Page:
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Pathology - Surgery

Associations between Body Mass and the Outcome of Surgery for Scoliosis in Chinese Adults
Published: Friday, July 01, 2011
Author: Ziqiang Chen et al.

by Ziqiang Chen, Honglei Yi, Ming Li, Chuanfeng Wang, Jingtao Zhang, Changwei Yang, Yingchuan Zhao, Yanghu Lu


In this study we intended to prove that being overweight has an unfavorable impact on the surgical treatment outcome of adult idiopathic scoliosis (AdIS).


This is a retrospective study on the surgical treatment of seventy-one more than 30 years old (58 females and 13 males; mean age 42.9±12.2) idiopathic scoliotic patients with a minimum follow up of at least 2 years. The patients were divided into an overweight group (BMI=23) and a non-overweight group (BMI<23). Preoperative, postoperative first erect and final follow-up radiographic measures, perioperative data, the Oswestry disability index (ODI), and the visual analog scale (VAS) were reviewed and compared.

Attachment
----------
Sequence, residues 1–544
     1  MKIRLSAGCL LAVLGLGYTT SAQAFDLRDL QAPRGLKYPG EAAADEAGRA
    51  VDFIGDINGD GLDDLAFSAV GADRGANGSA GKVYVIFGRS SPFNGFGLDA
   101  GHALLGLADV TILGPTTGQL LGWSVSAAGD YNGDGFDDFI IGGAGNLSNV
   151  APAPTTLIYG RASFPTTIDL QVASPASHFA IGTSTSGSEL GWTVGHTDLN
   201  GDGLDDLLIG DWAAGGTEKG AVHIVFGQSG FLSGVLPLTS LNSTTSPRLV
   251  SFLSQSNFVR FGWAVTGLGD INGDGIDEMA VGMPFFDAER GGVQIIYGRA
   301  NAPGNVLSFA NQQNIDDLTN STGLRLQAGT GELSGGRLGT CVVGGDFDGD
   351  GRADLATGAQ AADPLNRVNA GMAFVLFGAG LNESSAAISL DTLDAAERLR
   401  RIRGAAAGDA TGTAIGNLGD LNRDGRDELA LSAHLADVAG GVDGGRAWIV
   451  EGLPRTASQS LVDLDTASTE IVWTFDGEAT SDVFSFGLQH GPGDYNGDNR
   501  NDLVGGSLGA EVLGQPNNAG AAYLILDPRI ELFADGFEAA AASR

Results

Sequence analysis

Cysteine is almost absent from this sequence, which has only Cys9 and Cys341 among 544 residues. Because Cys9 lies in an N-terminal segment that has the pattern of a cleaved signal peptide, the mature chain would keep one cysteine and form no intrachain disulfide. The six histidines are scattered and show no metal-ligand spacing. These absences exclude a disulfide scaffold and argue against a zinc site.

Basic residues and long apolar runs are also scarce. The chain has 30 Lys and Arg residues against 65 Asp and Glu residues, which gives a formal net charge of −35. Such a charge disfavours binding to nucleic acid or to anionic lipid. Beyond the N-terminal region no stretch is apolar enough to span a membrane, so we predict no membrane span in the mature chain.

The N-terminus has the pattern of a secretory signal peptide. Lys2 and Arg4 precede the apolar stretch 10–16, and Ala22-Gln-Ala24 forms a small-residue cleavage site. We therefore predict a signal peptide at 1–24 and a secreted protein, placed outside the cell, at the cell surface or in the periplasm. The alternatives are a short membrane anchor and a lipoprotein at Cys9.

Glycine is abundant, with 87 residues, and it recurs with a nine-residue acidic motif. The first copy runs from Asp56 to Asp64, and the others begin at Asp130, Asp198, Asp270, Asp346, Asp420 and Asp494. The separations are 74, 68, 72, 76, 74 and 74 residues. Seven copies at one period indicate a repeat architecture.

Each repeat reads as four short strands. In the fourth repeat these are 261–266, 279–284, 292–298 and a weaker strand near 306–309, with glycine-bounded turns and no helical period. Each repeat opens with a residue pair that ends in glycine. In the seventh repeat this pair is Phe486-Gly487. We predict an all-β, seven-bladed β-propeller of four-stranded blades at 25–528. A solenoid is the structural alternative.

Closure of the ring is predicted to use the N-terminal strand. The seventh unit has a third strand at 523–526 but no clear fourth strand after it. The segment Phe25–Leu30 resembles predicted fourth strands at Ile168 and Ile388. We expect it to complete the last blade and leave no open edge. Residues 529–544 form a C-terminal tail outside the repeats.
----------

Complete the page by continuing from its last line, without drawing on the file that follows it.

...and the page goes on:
In the overweight group, no significant differences in radiographic measures, perioperative data, preoperative comorbidities, or postoperative complications, except for the more frequent concomitance of preoperative thoracic kyphosis 37.9±7.7 vs. 26.5±11.8 (P?=?0.000) and thoracolumbar kyphosis 14.9±10.1 overweighted group vs. 6.5±9.9 non-overweighted group respectively (P?=?0.002) were found. A higher morbidity of hypertension 36.8% vs. 9.6% (P?=?0.004) was also observed in the overweight group. Postoperative ODI and VAS improved significantly in both groups compared to pre-operative values. The postoperative ODI of the overweight group (19.6±12.4) was significantly higher than that of the non-overweight group (12.4±7.9) (P?=?0.022).


Overweight adult idiopathic scoliotic patients had more frequent concomitance of preoperative thoracic kyphosis and thoracolumbar kyphosis and more serious postoperative pain. However, BMI did not affect the outcomes of surgical correction for coronal and sagittal scoliotic deformity and their postoperative complication rates were not significantly affected.